rings around the atoms in the Gizmo. The first ring holds two electrons, and the second
holds eight. (Electrons in the inner rings are not shown; you can assume these rings are

A. Observe the sodium and chlorine atoms. Assuming that the inner rings are full of
electrons, how many electrons are there total in each atom?

Sodium: ____________________ Chlorine: ___________________

B. Each atom is neutrally charged, which means that each atom has the same
number of protons and electrons. Based on this, how many protons are in each

Sodium: ____________________ Chlorine: ___________________

2. Observe: Most atoms are stable with a configuration of eight valence electrons. This is
known as the octet rule. How many valence electrons does each atom have?

Sodium: ____________________ Chlorine: ___________________

3. Form a bond: Each electron has a charge of 1–, and each proton has a charge of 1+.
You can calculate the charge of an atom by subtracting the number of protons from the
number of electrons. Move an electron from the sodium to the chlorine atom.

A. What are the charges of each atom now? Sodium: _____ Chlorine:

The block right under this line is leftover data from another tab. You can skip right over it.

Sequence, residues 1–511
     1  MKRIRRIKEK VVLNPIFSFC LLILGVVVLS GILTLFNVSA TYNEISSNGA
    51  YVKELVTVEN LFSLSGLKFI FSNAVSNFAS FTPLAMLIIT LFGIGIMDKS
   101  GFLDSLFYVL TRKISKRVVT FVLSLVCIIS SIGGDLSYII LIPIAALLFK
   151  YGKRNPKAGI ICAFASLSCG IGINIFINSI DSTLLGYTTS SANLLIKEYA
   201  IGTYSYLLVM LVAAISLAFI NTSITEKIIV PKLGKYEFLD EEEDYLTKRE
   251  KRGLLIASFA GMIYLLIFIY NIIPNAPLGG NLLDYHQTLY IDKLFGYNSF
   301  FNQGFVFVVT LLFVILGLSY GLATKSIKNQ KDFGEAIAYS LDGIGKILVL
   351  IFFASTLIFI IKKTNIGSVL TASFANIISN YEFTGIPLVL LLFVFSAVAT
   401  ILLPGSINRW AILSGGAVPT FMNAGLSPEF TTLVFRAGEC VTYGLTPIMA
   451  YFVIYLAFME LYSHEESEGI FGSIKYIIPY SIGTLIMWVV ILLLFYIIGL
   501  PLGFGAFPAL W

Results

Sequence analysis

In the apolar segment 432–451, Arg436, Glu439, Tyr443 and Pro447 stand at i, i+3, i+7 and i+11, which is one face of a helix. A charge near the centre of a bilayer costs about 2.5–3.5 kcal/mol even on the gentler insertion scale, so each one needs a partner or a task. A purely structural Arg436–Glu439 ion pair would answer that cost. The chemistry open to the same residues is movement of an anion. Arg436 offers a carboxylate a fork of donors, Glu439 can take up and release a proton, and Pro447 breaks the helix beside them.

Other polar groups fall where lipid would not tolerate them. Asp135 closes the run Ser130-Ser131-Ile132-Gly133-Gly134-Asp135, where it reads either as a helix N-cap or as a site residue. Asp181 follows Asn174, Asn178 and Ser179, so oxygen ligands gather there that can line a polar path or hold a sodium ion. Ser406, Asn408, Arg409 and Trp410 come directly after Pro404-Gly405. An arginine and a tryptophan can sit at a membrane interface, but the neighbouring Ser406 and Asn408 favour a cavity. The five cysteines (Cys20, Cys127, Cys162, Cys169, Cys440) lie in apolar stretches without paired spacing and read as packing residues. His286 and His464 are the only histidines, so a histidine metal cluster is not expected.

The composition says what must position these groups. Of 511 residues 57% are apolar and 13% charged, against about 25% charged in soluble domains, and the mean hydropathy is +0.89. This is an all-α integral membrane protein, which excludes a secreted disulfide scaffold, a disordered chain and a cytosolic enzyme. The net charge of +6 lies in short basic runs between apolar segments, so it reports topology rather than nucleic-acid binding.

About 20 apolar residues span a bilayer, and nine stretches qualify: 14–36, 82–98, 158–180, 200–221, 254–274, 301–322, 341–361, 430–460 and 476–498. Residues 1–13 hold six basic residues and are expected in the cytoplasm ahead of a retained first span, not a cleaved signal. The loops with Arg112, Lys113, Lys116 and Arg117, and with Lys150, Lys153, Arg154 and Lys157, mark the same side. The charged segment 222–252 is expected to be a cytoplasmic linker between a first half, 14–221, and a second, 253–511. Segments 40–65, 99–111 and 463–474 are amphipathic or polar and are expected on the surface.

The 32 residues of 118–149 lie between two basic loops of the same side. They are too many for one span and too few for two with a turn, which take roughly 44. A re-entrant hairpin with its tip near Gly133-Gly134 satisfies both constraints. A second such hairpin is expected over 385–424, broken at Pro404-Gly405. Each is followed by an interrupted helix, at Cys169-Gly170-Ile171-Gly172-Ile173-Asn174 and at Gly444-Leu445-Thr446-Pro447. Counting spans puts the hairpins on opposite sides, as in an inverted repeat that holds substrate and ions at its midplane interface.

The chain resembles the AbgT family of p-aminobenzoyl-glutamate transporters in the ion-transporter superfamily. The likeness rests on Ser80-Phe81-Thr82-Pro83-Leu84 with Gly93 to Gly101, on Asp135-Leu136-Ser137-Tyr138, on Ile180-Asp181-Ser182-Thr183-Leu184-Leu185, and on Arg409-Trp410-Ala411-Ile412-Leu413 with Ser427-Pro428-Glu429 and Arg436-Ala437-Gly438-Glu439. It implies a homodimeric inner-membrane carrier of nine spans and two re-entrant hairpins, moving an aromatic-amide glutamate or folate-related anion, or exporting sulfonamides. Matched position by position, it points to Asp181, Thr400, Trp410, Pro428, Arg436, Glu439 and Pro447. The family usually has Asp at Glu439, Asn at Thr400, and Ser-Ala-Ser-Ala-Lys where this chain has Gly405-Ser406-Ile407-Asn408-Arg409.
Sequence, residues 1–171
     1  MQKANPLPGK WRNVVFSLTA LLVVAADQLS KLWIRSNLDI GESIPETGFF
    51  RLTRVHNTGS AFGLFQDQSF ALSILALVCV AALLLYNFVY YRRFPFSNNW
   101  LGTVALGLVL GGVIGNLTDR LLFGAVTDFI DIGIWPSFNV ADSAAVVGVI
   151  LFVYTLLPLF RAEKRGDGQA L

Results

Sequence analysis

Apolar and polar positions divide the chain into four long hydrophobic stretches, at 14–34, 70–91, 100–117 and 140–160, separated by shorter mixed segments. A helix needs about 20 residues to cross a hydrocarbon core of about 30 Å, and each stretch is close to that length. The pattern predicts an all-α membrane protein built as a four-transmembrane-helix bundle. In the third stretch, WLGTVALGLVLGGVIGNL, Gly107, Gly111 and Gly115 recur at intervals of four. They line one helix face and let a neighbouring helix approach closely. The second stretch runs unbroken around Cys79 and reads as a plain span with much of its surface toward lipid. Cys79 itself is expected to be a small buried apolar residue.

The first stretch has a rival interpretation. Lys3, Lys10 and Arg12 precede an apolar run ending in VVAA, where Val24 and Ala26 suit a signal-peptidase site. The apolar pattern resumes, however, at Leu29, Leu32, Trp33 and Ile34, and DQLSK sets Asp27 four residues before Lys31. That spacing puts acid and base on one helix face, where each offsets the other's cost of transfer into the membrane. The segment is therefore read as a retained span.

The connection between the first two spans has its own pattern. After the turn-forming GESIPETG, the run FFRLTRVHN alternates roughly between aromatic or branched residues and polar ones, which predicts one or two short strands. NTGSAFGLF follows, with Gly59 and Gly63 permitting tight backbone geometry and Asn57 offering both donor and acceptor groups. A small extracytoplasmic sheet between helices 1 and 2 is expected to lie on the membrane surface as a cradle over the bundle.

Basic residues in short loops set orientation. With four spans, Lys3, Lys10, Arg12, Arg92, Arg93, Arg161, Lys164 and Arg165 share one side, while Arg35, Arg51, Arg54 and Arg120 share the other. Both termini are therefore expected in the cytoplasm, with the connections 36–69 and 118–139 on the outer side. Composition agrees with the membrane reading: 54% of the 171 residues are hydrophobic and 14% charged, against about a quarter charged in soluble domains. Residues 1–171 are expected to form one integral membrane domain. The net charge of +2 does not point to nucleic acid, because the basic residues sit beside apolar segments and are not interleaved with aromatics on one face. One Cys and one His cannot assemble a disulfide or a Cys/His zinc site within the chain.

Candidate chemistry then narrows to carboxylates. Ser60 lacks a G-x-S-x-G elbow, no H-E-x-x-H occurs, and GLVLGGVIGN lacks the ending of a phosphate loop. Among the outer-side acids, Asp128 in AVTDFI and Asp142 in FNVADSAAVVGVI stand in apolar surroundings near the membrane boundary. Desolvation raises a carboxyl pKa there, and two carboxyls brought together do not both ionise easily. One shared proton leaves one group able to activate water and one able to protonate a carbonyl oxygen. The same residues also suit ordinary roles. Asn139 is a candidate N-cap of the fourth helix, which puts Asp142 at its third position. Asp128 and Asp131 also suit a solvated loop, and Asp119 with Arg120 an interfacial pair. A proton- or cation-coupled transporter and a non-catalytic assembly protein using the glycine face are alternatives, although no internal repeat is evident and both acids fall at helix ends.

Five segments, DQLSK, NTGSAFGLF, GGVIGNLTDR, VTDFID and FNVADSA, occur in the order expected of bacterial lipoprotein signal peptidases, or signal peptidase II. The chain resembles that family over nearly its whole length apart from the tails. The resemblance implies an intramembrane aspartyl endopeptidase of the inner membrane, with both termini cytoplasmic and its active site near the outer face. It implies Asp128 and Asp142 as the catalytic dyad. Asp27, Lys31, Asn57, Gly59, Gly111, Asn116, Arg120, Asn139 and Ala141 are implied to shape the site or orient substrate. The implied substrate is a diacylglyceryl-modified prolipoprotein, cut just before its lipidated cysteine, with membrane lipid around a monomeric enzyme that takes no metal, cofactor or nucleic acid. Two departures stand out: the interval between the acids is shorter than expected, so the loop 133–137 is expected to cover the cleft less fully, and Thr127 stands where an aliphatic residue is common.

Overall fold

Turn on Show charge to check. These charged atoms are called ions.

B. Is each ion stable? Explain.



Click Check in the lower right corner of the Gizmo to check.

4. Think and discuss: Why is there an attraction between the two ions in this chemical

Get the Gizmo ready:
Activity B:
• Click Reset. Turn off Show charge.
Ionic compounds
• Select Lithium (Li) and Oxygen (O).

Question: How are ionic compounds formed?

1. Observe: Look at the red lithium atom and the blue oxygen atom. Recall that most atoms
are stable when their outermost ring has eight electrons. (Some atoms, such as lithium and
beryllium, are stable when their outermost ring has two electrons.)

A. How many electrons will the lithium atom give up to become stable? _____________

B. How many electrons does the oxygen atom need to become stable? ____________

C. Can a stable compound be made from these two atoms? Explain why or why not.



2. Form bonds: Click Add metal to add another lithium atom, and then transfer electrons from
the lithium to the oxygen. Click Check.

A. Did you make a stable compound? _______

B. Turn on Show formula. What is the formula of this compound? ________________

C. Turn on Show charge. What is the charge of each ion? Li _____ Li _____ O _____